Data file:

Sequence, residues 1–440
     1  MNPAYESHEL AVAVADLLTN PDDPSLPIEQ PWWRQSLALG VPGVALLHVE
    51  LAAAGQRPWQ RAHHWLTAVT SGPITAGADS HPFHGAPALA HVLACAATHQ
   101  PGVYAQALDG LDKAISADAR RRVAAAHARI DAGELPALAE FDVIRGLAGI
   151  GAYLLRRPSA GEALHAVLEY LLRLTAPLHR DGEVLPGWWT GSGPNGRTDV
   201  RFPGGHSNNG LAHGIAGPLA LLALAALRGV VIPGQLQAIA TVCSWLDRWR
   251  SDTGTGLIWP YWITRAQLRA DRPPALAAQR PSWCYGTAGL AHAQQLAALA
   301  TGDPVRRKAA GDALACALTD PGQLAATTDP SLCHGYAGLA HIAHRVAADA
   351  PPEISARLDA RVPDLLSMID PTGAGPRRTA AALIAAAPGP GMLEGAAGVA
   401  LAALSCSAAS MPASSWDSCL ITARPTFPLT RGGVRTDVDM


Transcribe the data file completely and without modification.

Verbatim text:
Sequence, residues 1–440
     1  MNPAYESHEL AVAVADLLTN PDDPSLPIEQ PWWRQSLALG VPGVALLHVE
    51  LAAAGQRPWQ RAHHWLTAVT SGPITAGADS HPFHGAPALA HVLACAATHQ
   101  PGVYAQALDG LDKAISADAR RRVAAAHARI DAGELPALAE FDVIRGLAGI
   151  GAYLLRRPSA GEALHAVLEY LLRLTAPLHR DGEVLPGWWT GSGPNGRTDV
   201  RFPGGHSNNG LAHGIAGPLA LLALAALRGV VIPGQLQAIA TVCSWLDRWR
   251  SDTGTGLIWP YWITRAQLRA DRPPALAAQR PSWCYGTAGL AHAQQLAALA
   301  TGDPVRRKAA GDALACALTD PGQLAATTDP SLCHGYAGLA HIAHRVAADA
   351  PPEISARLDA RVPDLLSMID PTGAGPRRTA AALIAAAPGP GMLEGAAGVA
   401  LAALSCSAAS MPASSWDSCL ITARPTFPLT RGGVRTDVDM